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What time Ierusalem that Cittie faire, Was sieg'd and sackt by great Vespasians heire   Canaan's Calamitie, Jerusalem's Misery ; The dolefull destruction of faire Ierusalem by Tytus, the Sonne of Vaspasian Emperour of Rome, in the yeare of Christ's Incarnation 74  (1598) Wherein is shewed the woonderfull miseries which God brought upon that Citty for sinne, being utterly over-throwne and destroyed, by Sword, pestilence and famine. 


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  • Kaulbach's "Zerstoerung Jerusalems durch Titus" - One of the 100 Greatest Paintings of all time (2011) "Kaulbach's interpretation of the destruction of Jerusalem by the Romams as a heavenly punishment brought upon the sinful people of Israel by Divine wrath, and as a fulfillment of the Old and New Testament prophecies, follows a long tradition already apparent in the teachings of early Christian writers such as Tertullian."

  • Luyken, Jan - Destruction de Jerusalem & du temple (1704)

  • Biblical Art: End of the Age | Jerusalem Artwork | Titus Artwork

  • Thomas Dekker - Canaan's Calamitie, Jerusalem's Misery ; The dolefull destruction of faire Ierusalem by Tytus, the Sonne of Vaspasian Emperour of Rome, in the yeare of Christ's Incarnation 74  (1598) Wherein is shewed the woonderfull miseries which God brought upon that Citty for sinne, being utterly over-throwne and destroyed, by Sword, pestilence and famine.

  • Time Magazine, Mar. 10, 1923 "The most valuable modern painting offered for sale for a long time will be on view in New York next week.  It is a big picture (12 by 18 feet) and is expected to bring about $100,000. It is called Judaea Capta, or the Triumph of Titus. The painter, Iszo Koves, Hungarian, worked on it for 20 years, and spent 35 years gathering historical data. Then he died during the war, penni- less, leaving a destitute widow and children.  The Judaea Capta is a picture of Titus coming back to Rome with the spoils of conquered Jerusalem—including the captive daughters of Israel. Some nude Bacchantes are included for purposes of contrast.  One of Koves' earlier pictures, Spinoza Before His Judges, was twice rejected for exhibition in Buda Pesth. So the angry artist hid it. in his studio, until his wife and a pupil smuggled it out and submitted it again. It was accepted and delighted the Emperor."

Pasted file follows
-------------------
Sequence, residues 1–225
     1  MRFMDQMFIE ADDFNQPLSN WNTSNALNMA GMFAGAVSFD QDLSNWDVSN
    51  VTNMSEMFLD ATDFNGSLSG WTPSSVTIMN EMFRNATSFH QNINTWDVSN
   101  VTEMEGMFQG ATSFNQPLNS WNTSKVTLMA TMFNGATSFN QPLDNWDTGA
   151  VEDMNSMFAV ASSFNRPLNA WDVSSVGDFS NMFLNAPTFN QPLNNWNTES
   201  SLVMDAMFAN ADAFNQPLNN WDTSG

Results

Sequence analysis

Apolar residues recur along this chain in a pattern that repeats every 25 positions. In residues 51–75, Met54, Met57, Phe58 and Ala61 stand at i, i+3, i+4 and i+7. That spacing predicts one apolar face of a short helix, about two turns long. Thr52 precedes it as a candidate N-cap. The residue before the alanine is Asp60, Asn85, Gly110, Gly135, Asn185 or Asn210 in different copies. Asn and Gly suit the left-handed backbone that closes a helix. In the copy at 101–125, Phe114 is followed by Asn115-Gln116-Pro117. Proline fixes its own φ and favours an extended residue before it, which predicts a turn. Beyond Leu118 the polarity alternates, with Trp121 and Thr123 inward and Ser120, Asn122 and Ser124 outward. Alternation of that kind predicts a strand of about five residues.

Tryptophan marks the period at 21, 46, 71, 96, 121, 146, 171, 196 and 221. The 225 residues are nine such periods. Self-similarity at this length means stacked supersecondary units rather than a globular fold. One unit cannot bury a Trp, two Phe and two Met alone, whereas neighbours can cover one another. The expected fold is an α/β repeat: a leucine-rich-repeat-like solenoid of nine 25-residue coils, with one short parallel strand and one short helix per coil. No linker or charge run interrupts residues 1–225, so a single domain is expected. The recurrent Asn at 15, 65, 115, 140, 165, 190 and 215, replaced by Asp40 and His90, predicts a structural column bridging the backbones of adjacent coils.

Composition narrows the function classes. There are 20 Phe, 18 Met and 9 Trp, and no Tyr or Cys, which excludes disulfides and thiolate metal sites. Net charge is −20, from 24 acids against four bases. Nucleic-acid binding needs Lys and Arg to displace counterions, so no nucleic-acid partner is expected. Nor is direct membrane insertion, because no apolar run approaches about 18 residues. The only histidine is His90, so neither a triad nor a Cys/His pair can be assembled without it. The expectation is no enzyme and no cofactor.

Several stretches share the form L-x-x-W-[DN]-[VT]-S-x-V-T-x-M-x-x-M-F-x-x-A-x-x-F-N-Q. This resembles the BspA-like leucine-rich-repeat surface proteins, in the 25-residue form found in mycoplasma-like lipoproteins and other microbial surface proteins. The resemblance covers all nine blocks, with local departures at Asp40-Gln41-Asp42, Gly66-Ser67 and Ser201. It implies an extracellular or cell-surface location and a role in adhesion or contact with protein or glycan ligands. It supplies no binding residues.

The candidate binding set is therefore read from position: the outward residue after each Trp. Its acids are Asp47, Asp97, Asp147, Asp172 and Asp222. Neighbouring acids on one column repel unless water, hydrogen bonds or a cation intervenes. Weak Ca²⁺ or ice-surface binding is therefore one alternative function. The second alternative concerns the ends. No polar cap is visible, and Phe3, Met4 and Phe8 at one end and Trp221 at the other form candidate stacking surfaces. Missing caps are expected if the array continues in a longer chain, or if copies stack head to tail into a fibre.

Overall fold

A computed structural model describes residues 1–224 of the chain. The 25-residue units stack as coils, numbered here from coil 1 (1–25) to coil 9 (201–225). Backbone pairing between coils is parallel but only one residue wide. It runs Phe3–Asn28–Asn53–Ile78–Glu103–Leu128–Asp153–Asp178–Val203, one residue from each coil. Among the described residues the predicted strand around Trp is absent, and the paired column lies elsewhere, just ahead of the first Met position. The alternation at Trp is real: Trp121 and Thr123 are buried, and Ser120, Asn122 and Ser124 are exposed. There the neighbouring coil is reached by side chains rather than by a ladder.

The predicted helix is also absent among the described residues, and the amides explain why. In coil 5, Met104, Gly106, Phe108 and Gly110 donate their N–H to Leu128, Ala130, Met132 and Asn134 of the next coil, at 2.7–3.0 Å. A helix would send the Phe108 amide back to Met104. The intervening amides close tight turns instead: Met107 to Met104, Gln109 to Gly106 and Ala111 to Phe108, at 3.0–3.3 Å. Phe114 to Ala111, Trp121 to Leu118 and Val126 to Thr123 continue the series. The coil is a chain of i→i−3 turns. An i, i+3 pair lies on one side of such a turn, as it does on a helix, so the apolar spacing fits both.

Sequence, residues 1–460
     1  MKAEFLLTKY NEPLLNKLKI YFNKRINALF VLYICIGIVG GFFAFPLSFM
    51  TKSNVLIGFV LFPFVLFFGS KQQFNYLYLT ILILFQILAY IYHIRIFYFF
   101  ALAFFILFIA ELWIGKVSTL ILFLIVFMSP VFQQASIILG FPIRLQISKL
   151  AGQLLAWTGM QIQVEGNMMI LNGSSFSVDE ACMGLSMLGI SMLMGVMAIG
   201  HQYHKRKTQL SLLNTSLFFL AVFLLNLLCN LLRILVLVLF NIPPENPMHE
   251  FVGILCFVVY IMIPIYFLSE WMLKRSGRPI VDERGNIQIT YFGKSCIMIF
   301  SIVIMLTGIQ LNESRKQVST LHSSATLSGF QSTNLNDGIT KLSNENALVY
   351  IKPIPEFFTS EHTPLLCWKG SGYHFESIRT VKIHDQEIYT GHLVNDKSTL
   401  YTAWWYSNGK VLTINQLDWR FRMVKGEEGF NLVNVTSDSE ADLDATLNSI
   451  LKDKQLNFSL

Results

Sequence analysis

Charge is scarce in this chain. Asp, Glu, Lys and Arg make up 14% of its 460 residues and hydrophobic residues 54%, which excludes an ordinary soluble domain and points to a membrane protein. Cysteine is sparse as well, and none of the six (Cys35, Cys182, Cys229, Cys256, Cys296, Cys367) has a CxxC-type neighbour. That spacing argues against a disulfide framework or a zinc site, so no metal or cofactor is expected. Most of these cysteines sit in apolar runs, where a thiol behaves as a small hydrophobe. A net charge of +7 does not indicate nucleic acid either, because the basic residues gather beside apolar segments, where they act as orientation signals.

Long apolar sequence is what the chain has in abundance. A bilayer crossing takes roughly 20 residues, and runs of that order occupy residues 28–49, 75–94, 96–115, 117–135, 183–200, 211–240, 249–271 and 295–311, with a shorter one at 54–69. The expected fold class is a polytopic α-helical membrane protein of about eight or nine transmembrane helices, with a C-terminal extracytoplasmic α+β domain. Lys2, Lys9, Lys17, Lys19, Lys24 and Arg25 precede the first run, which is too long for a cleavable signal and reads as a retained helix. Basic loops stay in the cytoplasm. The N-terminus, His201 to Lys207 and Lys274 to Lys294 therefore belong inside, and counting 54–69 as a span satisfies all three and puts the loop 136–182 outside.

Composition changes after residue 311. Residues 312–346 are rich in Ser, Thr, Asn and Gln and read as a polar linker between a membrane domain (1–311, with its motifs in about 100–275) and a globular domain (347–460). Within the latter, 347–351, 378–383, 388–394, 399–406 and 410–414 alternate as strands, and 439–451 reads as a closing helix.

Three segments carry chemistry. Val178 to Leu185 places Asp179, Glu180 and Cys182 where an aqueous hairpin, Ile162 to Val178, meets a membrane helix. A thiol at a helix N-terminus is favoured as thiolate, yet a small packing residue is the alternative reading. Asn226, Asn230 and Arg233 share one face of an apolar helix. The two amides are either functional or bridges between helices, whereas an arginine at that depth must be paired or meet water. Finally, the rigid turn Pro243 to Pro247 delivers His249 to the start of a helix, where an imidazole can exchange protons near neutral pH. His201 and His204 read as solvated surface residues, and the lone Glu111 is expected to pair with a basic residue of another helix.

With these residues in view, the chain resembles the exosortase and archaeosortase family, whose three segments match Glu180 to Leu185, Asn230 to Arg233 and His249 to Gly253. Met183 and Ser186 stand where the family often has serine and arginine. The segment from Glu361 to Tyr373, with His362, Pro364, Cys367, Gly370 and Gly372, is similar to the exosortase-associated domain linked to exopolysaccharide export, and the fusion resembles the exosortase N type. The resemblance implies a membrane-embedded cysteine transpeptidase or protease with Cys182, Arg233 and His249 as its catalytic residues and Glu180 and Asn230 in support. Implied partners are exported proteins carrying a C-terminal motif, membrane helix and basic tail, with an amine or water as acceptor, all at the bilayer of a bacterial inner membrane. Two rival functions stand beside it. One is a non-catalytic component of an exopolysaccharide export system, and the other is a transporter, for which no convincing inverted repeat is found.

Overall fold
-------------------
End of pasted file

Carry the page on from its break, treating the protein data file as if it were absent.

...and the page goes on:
• Handel's Messiah & The Destruction of Jerusalem “Messiah” lovers may be surprised to learn that the work was meant not for Christmas but for Lent, and that the “Hallelujah” chorus was designed not to honor the birth or resurrection of Jesus but to celebrate the destruction of Jerusalem and the Second Temple in A.D. 70. For most Christians in Handel’s day, this horrible event was construed as divine retribution on Judaism for its failure to accept Jesus as God’s promised Messiah. // The resurrected Jesus, sitting at the right hand of God, unleashed his anger on the Jews by having the Roman armies lay waste to Jerusalem and its temple in A.D. 70. // Central to Kidder and his like-minded readers is a mode of interpretation called “typology,” which means that events in the Old Testament point to events in Christian history not only through explicit prophecy and fulfillment but also through the more mysterious implied spiritual anticipation of Christian “antitypes” in Old Testament “types.”" --  At Scene 6 in Part 2 the oratorio features passages from Psalm 2 of the Old Testament set as a series of antagonistic movements that precede excerpts from the New Testament’s Book of Revelation set as the triumphant “Hallelujah” chorus: type and antitype, prophecy and fulfillment."

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